Pathogenesis of pulmonary hypertension includes a reduction of potassium (K) channel activity. K channel closure causes depolarization, which stimulates calcium (Ca) entry through voltage gated Ca channels. The resulting increase in intracellular Ca concentration stimulates both vasoconstriction and vascular smooth muscle proliferation, which together create the syndrome of pulmonary hypertension. Therefore, we hypothesized that pharmacological augmentation of K channel activity should reduce pulmonary hypertension. We used a chronic hypoxic model of pulmonary hypertension in rats. Some of the rats were given a recently described activator of Ca-gated K channels, dehydroepiandrosterone sulfate (DHEA), in drinking water (1 mg/ml). Pulmonary arterial blood pressure, increased by 4 weeks of hypoxia (29 ±3 vs. 16 ±1 mmHg in normoxic controls), was significantly attenuated both in rats treated with DHEA for the whole duration of the hypoxic exposure (24 ±1 mmHg) and in rats given DHEA only during the last 2 weeks of hypoxia (24 ±1 mmHg). Cardiac index and systemic arterial blood pressure did not differ among the groups. We conclude that both a preventive and therapeutic application of a Ca-gated K channel activator, DHEA, known to be well tolerated by humans, reduces hypoxic pulmonary hypertension in rats.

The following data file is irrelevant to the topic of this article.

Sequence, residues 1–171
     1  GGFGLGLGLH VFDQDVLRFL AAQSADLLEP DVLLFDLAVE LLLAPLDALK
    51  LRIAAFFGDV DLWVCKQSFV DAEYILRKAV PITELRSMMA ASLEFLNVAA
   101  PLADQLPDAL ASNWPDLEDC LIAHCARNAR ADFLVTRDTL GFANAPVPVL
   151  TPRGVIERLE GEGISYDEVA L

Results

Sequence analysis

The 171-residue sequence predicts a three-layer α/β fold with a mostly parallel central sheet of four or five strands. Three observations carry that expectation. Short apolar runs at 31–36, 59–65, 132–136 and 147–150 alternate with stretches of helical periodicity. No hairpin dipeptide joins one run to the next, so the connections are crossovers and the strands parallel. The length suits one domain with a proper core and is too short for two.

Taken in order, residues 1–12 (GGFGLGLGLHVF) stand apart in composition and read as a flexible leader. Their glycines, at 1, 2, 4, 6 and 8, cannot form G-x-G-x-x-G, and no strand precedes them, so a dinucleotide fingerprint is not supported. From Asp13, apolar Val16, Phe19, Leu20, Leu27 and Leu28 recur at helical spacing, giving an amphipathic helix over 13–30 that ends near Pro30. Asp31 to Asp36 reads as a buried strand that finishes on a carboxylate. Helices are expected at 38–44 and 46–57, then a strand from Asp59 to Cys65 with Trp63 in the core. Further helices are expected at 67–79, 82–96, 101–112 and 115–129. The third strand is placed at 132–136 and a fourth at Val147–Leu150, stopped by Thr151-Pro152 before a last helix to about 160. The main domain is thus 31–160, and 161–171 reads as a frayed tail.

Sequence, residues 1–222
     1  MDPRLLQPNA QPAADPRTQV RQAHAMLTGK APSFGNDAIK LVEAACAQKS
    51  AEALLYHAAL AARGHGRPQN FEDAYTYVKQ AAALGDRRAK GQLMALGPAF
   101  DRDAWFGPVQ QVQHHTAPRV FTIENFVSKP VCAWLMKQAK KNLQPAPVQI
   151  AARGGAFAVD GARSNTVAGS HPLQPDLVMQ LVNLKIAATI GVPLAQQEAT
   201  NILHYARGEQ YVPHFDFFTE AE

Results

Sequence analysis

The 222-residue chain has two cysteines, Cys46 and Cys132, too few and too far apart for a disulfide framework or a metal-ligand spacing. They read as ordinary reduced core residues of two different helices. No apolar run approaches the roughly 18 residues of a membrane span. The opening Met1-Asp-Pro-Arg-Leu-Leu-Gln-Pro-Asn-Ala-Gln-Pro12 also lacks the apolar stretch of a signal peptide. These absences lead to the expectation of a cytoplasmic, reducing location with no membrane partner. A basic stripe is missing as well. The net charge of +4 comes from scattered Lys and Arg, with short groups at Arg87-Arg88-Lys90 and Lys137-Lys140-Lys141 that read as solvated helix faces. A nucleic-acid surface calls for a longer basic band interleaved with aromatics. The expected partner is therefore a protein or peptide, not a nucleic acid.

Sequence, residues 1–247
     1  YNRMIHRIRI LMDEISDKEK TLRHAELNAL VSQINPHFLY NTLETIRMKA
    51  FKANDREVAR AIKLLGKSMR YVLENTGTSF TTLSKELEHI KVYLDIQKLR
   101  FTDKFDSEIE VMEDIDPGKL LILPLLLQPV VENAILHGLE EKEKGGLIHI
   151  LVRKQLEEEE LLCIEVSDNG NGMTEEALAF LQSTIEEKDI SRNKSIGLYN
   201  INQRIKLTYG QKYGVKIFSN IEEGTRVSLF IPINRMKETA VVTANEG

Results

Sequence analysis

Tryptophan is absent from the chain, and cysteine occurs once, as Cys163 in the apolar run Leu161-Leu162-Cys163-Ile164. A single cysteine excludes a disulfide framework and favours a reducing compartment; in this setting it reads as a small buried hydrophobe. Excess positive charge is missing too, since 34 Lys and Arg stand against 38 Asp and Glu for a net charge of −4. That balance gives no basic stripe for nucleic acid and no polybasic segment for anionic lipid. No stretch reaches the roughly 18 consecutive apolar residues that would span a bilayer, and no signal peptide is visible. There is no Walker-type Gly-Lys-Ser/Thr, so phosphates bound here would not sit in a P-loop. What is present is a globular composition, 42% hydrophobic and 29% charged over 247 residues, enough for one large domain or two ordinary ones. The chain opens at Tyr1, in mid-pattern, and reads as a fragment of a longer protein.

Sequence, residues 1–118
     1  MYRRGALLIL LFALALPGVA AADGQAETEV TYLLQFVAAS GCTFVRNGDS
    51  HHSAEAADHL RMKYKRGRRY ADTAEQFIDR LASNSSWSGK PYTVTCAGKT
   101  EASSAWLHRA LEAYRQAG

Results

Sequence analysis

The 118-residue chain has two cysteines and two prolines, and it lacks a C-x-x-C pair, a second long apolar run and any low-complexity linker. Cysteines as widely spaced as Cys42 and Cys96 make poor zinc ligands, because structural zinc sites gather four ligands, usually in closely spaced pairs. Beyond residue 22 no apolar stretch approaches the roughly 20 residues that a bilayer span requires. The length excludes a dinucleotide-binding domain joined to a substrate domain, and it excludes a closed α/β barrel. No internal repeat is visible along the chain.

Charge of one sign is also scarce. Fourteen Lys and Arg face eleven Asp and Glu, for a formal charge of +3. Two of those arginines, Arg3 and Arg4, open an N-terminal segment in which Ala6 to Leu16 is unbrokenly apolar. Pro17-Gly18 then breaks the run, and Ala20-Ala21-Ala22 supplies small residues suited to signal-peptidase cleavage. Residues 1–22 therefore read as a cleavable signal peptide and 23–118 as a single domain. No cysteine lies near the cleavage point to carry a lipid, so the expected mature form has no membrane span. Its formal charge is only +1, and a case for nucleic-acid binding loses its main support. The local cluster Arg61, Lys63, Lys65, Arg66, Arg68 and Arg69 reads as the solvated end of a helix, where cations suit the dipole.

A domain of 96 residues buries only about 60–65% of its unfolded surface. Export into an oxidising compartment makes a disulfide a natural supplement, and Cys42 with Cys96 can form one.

Supported by GACR # 306/97/0854 and 305/97/S070.